This is the first DeLillo I ever read, eight years ago in high school. I was so impressed by the author’s style, language, and ability to hide his narrative in plain sight, that on a whim I decided to pursue the study of English literature, instead of German. Needless to say, I have always been partial to this little gem, especially because it gave me an appreciation for literature and the English language that I didn’t have before, in addition to being a catalyst for much of what I occupied myself with since; tellingly it is a novel about the significance of writing, the power of language, and an eccentric pursuit of meaning. It makes me feel like this book was written for me and about me – and I believe that’s one of the most invaluable experiences you can have when reading.
Lee Harvey Oswald. No matter what happened, how hard they schemed against her, this was the one thing they could not take away – the true and lasting power of his name.
Almost as popular as its predecessor White Noise, Libra is certainly DeLillo’s most historical novel. Much of it reads like a biography, albeit an oddly poetic one. On first read, I was not particularly familiar with the background of the Kennedy assassination and the conspiracy theories attached to it. The result was that I thought most of the novel was made up. Upon further examination, however, I realized that DeLillo is not only extraordinarily adept at blending fact and fiction, he also has the ability to disguise his own extensive research as a story so perfectly constructed, it couldn’t possibly be real. And best of all, the novel is partially concerned with this very notion, so that there are some deliciously self-reflexive passages in there. Those passages were certainly my favorites. Those passages and… the Weird Beard.
When you decide on a whim to visit the H-bomb home page, she begins to understand. Everything in your computer, the plastic, silicon and mylar, every logical operation and processing function, the memory, the hardware, the software, the ones and zeroes, the triads inside the pixels that form the on-screen image – it all culminates here.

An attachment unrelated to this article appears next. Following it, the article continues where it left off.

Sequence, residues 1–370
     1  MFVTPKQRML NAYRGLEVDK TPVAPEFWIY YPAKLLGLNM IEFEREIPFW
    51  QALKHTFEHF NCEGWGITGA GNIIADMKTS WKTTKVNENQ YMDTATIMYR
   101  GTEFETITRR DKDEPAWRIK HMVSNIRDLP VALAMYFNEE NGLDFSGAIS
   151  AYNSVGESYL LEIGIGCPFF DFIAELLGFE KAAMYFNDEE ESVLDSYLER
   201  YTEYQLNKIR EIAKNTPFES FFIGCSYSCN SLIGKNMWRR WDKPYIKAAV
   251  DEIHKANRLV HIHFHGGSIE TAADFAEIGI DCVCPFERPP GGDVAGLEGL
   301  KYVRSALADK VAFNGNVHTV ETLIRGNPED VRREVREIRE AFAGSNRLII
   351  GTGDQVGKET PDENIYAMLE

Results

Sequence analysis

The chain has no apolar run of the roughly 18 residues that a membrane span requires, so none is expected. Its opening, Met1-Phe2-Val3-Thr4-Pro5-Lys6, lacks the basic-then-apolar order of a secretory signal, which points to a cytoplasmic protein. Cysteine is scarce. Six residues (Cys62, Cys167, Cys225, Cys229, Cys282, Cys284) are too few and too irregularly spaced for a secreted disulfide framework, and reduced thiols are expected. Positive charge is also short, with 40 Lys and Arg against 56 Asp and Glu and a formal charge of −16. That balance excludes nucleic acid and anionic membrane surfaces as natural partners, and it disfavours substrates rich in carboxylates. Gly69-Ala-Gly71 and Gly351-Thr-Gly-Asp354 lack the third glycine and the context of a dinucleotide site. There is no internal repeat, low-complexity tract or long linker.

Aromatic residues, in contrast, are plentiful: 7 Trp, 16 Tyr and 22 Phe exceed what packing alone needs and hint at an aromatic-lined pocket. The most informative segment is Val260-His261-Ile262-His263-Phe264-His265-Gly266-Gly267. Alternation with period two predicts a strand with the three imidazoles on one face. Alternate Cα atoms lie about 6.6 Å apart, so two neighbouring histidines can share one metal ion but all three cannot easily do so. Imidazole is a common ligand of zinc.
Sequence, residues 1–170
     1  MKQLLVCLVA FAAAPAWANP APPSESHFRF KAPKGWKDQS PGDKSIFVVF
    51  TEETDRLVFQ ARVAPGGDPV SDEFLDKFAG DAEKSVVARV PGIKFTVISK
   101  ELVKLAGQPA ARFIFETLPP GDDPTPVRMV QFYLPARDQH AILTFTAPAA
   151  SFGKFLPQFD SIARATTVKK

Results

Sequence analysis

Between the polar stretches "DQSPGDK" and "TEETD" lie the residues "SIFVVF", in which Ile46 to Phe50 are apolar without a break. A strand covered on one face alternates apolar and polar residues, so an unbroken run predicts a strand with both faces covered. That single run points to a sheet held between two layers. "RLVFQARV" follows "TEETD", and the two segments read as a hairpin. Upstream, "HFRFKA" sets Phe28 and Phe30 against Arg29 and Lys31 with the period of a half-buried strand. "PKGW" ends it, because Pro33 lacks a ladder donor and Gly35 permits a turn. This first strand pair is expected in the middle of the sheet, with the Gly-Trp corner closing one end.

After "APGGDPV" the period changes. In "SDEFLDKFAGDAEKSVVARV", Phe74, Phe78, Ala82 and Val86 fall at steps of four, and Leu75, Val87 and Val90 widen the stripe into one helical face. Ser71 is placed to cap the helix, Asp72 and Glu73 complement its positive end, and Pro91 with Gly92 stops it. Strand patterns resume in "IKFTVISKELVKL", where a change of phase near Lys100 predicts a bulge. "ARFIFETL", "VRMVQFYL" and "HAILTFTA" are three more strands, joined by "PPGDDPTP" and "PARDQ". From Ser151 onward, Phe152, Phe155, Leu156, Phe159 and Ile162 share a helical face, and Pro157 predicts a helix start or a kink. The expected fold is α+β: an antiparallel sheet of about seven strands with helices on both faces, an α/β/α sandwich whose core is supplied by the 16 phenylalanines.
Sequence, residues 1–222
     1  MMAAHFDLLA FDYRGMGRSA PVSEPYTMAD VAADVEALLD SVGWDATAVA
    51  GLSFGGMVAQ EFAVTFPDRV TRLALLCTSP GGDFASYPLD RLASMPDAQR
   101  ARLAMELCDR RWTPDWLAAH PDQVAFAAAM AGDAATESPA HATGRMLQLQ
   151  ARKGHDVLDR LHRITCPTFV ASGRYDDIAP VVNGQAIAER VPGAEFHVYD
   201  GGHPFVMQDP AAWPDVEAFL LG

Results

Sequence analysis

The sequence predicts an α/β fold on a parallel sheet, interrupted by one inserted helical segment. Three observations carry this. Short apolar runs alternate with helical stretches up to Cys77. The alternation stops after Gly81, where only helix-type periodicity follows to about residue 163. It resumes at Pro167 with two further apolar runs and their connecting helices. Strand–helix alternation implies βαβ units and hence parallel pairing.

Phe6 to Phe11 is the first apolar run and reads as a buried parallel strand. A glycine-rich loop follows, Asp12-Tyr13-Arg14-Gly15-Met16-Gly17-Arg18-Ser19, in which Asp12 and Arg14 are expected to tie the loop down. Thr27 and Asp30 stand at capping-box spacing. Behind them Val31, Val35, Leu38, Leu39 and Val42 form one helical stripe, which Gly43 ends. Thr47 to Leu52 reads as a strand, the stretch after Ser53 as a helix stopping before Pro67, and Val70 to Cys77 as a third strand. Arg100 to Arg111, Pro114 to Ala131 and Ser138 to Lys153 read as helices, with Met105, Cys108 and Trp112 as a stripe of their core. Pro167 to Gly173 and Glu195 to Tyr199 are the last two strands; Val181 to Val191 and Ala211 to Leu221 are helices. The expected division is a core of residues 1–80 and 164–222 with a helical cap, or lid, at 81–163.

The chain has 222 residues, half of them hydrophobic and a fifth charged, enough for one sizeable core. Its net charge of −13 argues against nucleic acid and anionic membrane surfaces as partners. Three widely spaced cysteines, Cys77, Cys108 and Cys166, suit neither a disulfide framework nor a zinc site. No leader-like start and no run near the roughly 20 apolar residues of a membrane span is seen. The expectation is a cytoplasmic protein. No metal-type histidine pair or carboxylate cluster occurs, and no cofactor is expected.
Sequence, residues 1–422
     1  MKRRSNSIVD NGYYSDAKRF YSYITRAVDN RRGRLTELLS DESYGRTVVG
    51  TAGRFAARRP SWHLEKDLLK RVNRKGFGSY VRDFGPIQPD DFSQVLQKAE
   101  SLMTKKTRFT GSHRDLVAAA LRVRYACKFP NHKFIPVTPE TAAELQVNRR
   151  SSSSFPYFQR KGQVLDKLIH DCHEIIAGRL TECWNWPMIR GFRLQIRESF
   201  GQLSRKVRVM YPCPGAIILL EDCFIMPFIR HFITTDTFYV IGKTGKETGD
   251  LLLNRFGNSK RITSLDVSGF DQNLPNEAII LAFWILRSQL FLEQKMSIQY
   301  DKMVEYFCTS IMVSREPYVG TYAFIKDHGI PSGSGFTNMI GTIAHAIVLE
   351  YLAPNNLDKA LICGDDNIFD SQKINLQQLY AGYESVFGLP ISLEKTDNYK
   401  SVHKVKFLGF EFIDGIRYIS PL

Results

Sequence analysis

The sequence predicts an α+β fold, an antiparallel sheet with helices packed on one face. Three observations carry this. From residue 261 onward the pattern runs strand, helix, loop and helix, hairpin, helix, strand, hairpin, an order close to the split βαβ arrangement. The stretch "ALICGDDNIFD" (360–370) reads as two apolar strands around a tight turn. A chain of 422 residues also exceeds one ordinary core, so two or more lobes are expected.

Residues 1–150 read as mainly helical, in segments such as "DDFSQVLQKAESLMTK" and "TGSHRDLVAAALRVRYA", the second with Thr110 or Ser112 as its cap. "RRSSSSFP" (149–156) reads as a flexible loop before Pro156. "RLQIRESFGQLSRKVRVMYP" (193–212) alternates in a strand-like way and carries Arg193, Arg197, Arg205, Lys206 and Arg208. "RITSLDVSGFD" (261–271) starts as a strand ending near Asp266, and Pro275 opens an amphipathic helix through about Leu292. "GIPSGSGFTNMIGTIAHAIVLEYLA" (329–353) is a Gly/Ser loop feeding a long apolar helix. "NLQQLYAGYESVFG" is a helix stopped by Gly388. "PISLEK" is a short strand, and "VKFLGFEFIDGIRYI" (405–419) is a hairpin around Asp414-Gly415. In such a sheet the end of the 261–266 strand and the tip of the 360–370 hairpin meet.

If you’re familiar with DeLillo, it probably comes as no surprise to you that in my academic engagement with the author, Underworld was the single most important text. As much as I like White Noise for its humor, admire Libra for its historicity, and enjoy Mao II on a personal level, I don’t think there is any question that DeLillo’s masterpiece has to be the paradoxically mundane epic that is Underworld. Certainly the most challenging of the novels on this list, this 800-page paragon of postmodern literature is intricately – and unusually – structured, taking its readers on a journey through three decades of 20th century America. It bears all the hallmarks of the author’s unmistakable style, including some of the most frustrating – because realistic – dialogue, whimsical musings on seemingly unrelated observations (is it really unrelated though, IS IT?), and a poetic take on the ordinary in prose. It is sometimes serious, sometimes funny, often both, and consistently beautiful. However, unless you are already accustomed to postmodern literature (and somehow haven’t read DeLillo yet – shame on you), I would not recommend Underworld as an entry point to the author’s work. While it is typical, it is hard to wrap one’s mind around a piece of this length, especially because DeLillo likes to go out of his way to obscure and occasionally subvert the few more traditional elements of his narrative, which can lead to the impression that the novel drags on aimlessly sometimes. But if you have made it past some of the shorter texts (I recommend White Noise, Mao II, Cosmopolis, or The Body Artist), be sure not to miss the master’s greatest literary achievement to date.
And now, for those who have already read the novel, let’s count the words in all the direct quotes from DeLillo novels in this post.
Everything is connected.